The best of EcoWatch, right in your inbox. Sign up for our email newsletter!
Judge Revokes $4.2 Million Award to Families in Fracking Contamination Case
A federal judge has reversed last year's unanimous jury decision that awarded $4.2 million to two Dimock, Pennsylvania families who claimed that Cabot Oil & Gas Corp contaminated their water supply during fracking operations near their homes.
In a ruling released on Friday, U.S. Magistrate Judge Martin Carlson said the amount of the jury's award was unjustified and that the evidence presented by the families "was spare, sometimes contradictory, frequently rebutted by other scientific expert testimony and relied in some measure upon tenuous inferences."
The Pennsylvania judge declined Cabot's request to rule completely in its favor, ordering a new federal trial instead. But he insisted that the parties try to reach a settlement before initiating fresh litigation.
Last year's decision was hailed as a landmark victory by fracking opponents. The case dates back to 2009 when 44 plaintiffs brought a lawsuit against the company. Scott Ely and Monica Marta-Ely, and Ray and Victoria Hubert were the only plaintiffs remaining on the case.
The rural community's fight against the controversial drilling method was featured in the 2010 Oscar-nominated documentary Gasland.
A state investigation found that Cabot had allowed gas to escape into the region's groundwater supplies, contaminating at least 18 residential water wells. But the company insisted that methane migration in Dimock's water is naturally occurring and the problems in the water wells pre-dated Cabot's arrival.
According to State Impact, the judge's ruling cited the plaintiffs' own admission that their water became contaminated before drilling took place at the affected wells.
Judge Carlson supported Cabot's argument that the plaintiffs' case "crumbles at the very issue of causation" because the water problems existed before the company broke ground on the wells in Sept. 2008.
Plaintiffs' attorney Leslie L. Lewis described the decision as "another dark chapter for the victims of oil and gas contamination."
"It is not clear to me why the court required an entire year to essentially rubber-stamp defendants' position that they were somehow robbed of a fair trial," she told The Philadelphia Inquirer. Lewis said she has not decided whether to appeal the decision.
Cabot spokesman George Stark applauded the judge's ruling.
"Cabot felt confident that once a thorough review of the overwhelming scientific evidence and a full legal analysis of the conduct of the plaintiff's counsel was conducted, the flaws in the verdict would be understood," he said in a statement.
"This judge's decision is one more attack on the health and safety of families of Pennsylvania who have suffered real and substantial harms due to the greed of the fracking corporations operating in their state," Hauter said. "These residents, and thousands of others, have been abandoned by state environmental regulators, politicians and a governor who promised to help them. Oil and gas fracking will continue to create additional disasters, in Pennsylvania and anywhere else."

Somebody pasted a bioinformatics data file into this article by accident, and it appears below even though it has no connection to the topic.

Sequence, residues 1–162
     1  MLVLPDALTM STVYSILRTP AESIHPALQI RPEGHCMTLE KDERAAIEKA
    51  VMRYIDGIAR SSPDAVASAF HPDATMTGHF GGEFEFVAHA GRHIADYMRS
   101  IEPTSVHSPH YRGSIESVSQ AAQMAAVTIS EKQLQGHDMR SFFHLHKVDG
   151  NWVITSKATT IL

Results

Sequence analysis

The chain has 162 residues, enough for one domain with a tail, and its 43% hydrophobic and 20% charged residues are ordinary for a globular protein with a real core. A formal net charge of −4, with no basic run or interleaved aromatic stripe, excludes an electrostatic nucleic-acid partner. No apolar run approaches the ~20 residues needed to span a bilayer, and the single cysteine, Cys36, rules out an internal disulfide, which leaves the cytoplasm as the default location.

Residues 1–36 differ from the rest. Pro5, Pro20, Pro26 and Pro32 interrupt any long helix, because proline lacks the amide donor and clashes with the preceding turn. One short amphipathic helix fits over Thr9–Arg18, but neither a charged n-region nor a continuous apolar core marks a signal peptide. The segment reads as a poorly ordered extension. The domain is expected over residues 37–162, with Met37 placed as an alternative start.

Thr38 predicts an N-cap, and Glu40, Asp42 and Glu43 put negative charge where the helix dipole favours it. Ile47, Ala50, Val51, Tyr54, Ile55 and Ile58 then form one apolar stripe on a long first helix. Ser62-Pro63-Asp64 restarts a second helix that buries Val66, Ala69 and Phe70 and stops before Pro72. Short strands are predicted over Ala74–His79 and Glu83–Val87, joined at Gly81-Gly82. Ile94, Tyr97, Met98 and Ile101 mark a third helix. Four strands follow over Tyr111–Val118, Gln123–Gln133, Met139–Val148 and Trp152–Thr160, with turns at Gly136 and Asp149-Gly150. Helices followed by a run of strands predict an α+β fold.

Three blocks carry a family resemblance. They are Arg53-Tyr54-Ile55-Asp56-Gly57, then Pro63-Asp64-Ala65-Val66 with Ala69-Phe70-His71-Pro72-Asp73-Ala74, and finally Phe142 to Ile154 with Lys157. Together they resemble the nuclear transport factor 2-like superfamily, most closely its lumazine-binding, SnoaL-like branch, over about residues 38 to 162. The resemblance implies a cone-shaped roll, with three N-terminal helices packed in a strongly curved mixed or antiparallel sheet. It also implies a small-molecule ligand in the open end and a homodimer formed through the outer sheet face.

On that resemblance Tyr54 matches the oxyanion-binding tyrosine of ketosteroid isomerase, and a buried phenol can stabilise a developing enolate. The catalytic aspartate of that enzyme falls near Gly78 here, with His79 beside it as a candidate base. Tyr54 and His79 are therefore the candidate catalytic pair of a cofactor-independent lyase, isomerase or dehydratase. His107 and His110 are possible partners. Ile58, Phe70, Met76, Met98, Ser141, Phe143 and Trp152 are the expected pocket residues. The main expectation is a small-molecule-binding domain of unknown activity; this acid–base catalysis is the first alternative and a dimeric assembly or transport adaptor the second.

EcoWatch Daily Newsletter
‘Companies Should Not Be Allowed to Use Hazardous Ingredients in Products People Use’: Michelle Pfeiffer Speaks Up for Safer Cosmetics
The beauty products we put on our skin can have important consequences for our health. Just this March, the U.S. Food and Drug Administration (FDA) warned that some Claire's cosmetics had tested positive for asbestos. But the FDA could only issue a warning, not a recall, because current law does not empower the agency to do so.
Michelle Pfeiffer wants to change that.
The actress and Environmental Working Group (EWG) board member was spotted on Capitol Hill Thursday lobbying lawmakers on behalf of a bill that would increase oversight of the cosmetics industry, The Washington Post reported.
By Julia Conley
Scientists at the United Nations' intergovernmental body focusing on biodiversity sounded alarms earlier this month with its report on the looming potential extinction of one million species — but few heard their calls, according to a German newspaper report.
The climate crisis is a major concern for American voters with nearly 40 percent reporting the issue will help determine how they cast their ballots in the upcoming 2020 presidential election, according to a report compiled by the Yale Program on Climate Change Communication.
Of more than 1,000 registered voters surveyed on global warming, climate and energy policies, as well as personal and collective action, 38 percent said that a candidate's position on climate change is "very important" when it comes to determining who will win their vote. Overall, democratic candidates are under more pressure to provide green solutions as part of their campaign promises with 64 percent of Democrat voters saying they prioritize the issue compared with just 34 percent of Independents and 12 percent of Republicans.
President Donald Trump has agreed to sign a $19.1 billion disaster relief bill that will help Americans still recovering from the flooding, hurricanes and wildfires that have devastated parts of the country in the past two years. Senate Republicans said they struck a deal with the president to approve the measure, despite the fact that it did not include the funding he wanted for the U.S.-Mexican border, CNN reported.
"The U.S. Senate has just approved a 19 Billion Dollar Disaster Relief Bill, with my total approval. Great!" the president tweeted Thursday.